header advert
You currently have no access to view or download this content. Please log in with your institutional or personal account if you should have access to through either of these
The Bone & Joint Journal Logo

Receive monthly Table of Contents alerts from The Bone & Joint Journal

Comprehensive article alerts can be set up and managed through your account settings

View my account settings

Get Access locked padlock


The routine use of synovial alpha-defensin is not necessary

Download PDF



To establish the utility of adding the laboratory-based synovial alpha-defensin immunoassay to the traditional diagnostic work-up of a prosthetic joint infection (PJI).


A group of four physicians evaluated 158 consecutive patients who were worked up for PJI, of which 94 underwent revision arthroplasty. Each physician reviewed the diagnostic data and decided on the presence of PJI according to the 2014 Musculoskeletal Infection Society (MSIS) criteria (yes, no, or undetermined). Their initial randomized review of the available data before or after surgery was blinded to each alpha-defensin result and a subsequent randomized review was conducted with each result. Multilevel logistic regression analysis assessed the effect of having the alpha-defensin result on the ability to diagnose PJI. Alpha-defensin was correlated to the number of synovial white blood cells (WBCs) and percentage of polymorphonuclear cells (%PMN).


Intraobserver reliability and interobserver agreement did not change when the alpha-defensin result was available. Positive alpha-defensin results had greater synovial WBCs (mean 31,854 cells/μL, SD 32,594) and %PMN (mean 93.0%, SD 5.5%) than negative alpha-defensin results (mean 974 cells/μL, SD 3,988; p < 0.001 and mean 39.4% SD 28.6%; p < 0.001). Adding the alpha-defensin result did not alter the diagnosis of a PJI using preoperative (odds ratio (OR) 0.52, 95% confidence interval (CI) 0.14 to 1.88; p = 0.315) or operative (OR 0.52, CI 0.18 to 1.55; p = 0.242) data when clinicians already decided that PJI was present or absent with traditionally available testing. However, when undetermined with traditional preoperative testing, alpha-defensin helped diagnose (OR 0.44, CI 0.30 to 0.64; p < 0.001) or rule out (OR 0.41, CI 0.17 to 0.98; p = 0.044) PJI. Of the 27 undecided cases with traditional testing, 24 (89%) benefited from the addition of alpha-defensin testing.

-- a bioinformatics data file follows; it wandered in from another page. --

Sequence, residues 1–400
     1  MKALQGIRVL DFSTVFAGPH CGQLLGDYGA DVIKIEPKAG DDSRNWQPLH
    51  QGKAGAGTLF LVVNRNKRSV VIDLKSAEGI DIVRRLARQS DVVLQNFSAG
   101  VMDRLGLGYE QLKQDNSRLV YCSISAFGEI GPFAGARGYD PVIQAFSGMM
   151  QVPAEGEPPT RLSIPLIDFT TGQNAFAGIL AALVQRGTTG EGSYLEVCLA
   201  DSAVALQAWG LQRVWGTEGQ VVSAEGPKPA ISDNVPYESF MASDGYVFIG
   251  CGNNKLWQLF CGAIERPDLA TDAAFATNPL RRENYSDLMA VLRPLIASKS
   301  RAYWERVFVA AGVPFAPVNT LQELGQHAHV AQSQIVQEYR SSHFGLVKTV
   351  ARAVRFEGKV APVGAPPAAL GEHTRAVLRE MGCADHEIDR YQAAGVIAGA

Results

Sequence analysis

The laboratory-based synovial alpha-defensin immunoassay did not help diagnose or rule out a PJI when added to routine serologies and synovial fluid analyses except in cases where the diagnosis of PJI was unclear. We recommend against the routine use of alpha-defensin and suggest using it only when traditional testing is indeterminate.

Cite this article: Bone Joint J 2020;102-B(5):593–599.

Correspondence should be sent to Derek F. Amanatullah. E-mail:

For access options please click here